The Honda J37 Engine Manual

The Honda J37 Engine Manual. Honda’s fourth generation of V6 engines, the J series, made an immediate effect on the worldwide automobile market. As Honda began to modify and design alternative adaptations of the J30 engines for various uses, the usefulness of these lightweight V6 engines was soon recognized. In 1996, Honda introduced the first J engine. The largest variation, the J37, was eventually introduced in 2007 to meet the criteria of Acura’s current generation cars. In fact, Honda J37 engines were used in Acura vehicles manufactured from 2007 through 2014. Throughout this article, we will concentrate on the Honda J37 engine, examining and debating its overall worth.

In general, Honda V6 engines mix durability, power, and performance effectively for an affordable price. The J37 engine has a lot of horsepower and torque out of the box. However, does the Honda J37 engine maintain high levels of dependability and overall value when compared to Honda’s other V6 systems?

First, let’s look at some of the J37’s basic engine characteristics and applications. After gaining a better knowledge of the Honda J37’s operation, we shall delve deeper into the engine’s dependability. Let’s start with some of the Honda J37’s positives before moving on to some of its most common faults and flaws. Starting with the engine specs of the J37 and which cars employ the Honda J37 engine in the parts below.

The Honda J37 Engine Manual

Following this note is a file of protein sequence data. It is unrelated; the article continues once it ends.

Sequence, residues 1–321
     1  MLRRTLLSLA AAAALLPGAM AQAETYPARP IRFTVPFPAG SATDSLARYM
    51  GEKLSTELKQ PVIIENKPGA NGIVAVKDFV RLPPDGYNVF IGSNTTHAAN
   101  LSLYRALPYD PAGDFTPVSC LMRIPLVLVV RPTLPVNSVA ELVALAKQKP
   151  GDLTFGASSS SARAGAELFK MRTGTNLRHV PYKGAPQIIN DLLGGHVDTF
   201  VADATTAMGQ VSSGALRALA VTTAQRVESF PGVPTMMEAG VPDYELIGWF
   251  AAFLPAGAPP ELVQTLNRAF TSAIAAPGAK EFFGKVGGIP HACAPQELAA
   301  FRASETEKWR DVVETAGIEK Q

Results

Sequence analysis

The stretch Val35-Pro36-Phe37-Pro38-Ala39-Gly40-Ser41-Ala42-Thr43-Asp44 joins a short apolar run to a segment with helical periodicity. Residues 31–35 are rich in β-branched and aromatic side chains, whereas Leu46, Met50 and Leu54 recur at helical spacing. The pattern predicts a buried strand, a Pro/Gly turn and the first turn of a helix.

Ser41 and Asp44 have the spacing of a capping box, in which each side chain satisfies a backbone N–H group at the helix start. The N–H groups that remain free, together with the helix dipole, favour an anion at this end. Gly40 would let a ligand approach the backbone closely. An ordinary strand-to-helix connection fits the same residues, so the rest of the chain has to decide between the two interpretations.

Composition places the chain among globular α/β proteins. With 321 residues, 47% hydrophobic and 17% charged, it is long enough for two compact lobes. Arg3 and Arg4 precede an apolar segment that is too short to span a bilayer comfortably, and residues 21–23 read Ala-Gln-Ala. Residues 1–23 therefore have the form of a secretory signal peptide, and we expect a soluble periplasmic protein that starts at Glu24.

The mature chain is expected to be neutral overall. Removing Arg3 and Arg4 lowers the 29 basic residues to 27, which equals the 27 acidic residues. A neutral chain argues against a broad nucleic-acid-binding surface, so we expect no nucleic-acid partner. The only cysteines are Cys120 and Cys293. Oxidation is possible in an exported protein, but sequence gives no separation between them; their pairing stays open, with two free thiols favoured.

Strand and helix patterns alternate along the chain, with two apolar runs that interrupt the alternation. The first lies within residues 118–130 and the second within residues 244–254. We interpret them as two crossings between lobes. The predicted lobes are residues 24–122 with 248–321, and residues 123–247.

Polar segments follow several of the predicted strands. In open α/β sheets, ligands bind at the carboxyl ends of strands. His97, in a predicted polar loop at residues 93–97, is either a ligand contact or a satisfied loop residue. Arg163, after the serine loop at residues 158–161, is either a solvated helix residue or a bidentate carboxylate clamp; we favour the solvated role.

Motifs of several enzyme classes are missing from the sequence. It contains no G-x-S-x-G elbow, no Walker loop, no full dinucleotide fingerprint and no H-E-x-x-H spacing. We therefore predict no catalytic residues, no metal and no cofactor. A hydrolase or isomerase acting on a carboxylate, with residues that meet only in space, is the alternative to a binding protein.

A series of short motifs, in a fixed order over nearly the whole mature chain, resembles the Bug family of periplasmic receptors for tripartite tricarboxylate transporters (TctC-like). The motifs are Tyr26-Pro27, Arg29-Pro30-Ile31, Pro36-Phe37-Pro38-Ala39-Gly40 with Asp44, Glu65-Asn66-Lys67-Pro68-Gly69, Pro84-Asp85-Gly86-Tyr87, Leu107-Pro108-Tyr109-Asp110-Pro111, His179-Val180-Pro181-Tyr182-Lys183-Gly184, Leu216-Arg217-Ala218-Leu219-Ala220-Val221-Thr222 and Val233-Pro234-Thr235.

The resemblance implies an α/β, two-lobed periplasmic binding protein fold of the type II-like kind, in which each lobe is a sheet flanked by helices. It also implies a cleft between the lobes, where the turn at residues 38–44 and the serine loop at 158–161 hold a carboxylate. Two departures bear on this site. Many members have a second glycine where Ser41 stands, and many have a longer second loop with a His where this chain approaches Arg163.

Honda J37 Engine Specifications

The following are the basic engine specs for the Honda J37 engine:

The Honda J37 Engine Manual

The Honda J37 has a die-cast aluminum block with cylinder aluminum liners, which contributes to its lighter overall structure. Furthermore, all J37 engine systems have intakes made of high-quality cast magnesium alloy. The Honda J37 engine produces 295-305 horsepower and 270 to 275 pound-feet of torque. As a result, these J37 V6s provide a solid foundation of power and high-performance capabilities. The Honda J37 engines are all naturally aspirated and feature the regularly used SOHC valvetrain. Because VTEC was used on every Honda J37 engine, they tend to be more fuel-efficient.

Despite the fact that the Honda J37 was first introduced in 2007, several J37 variations continued in production until 2014. Surprisingly, this final variant of the J30 engine series was never used in any Honda vehicle. The Honda J37 engine, as previously noted, was exclusively used in Acura cars manufactured between 2007 and 2014. Finally, in the section below, we’ll look at the entire collection of models that used the J37 engine.

What Vehicles Make Use of the Honda J37 Engine?

The Honda J37 engine was available in four different configurations. Each use of the J37 engine may be found in Acura vehicles with varying power and size outputs. Having stated that, the Honda J37 engine system was used in the following models:


  • 2007-2013 Acura MDX


  • From 2009 through 2012, Acura RL


  • 2009-2014 Acura TL


  • From 2010 through 2013, Acura ZDX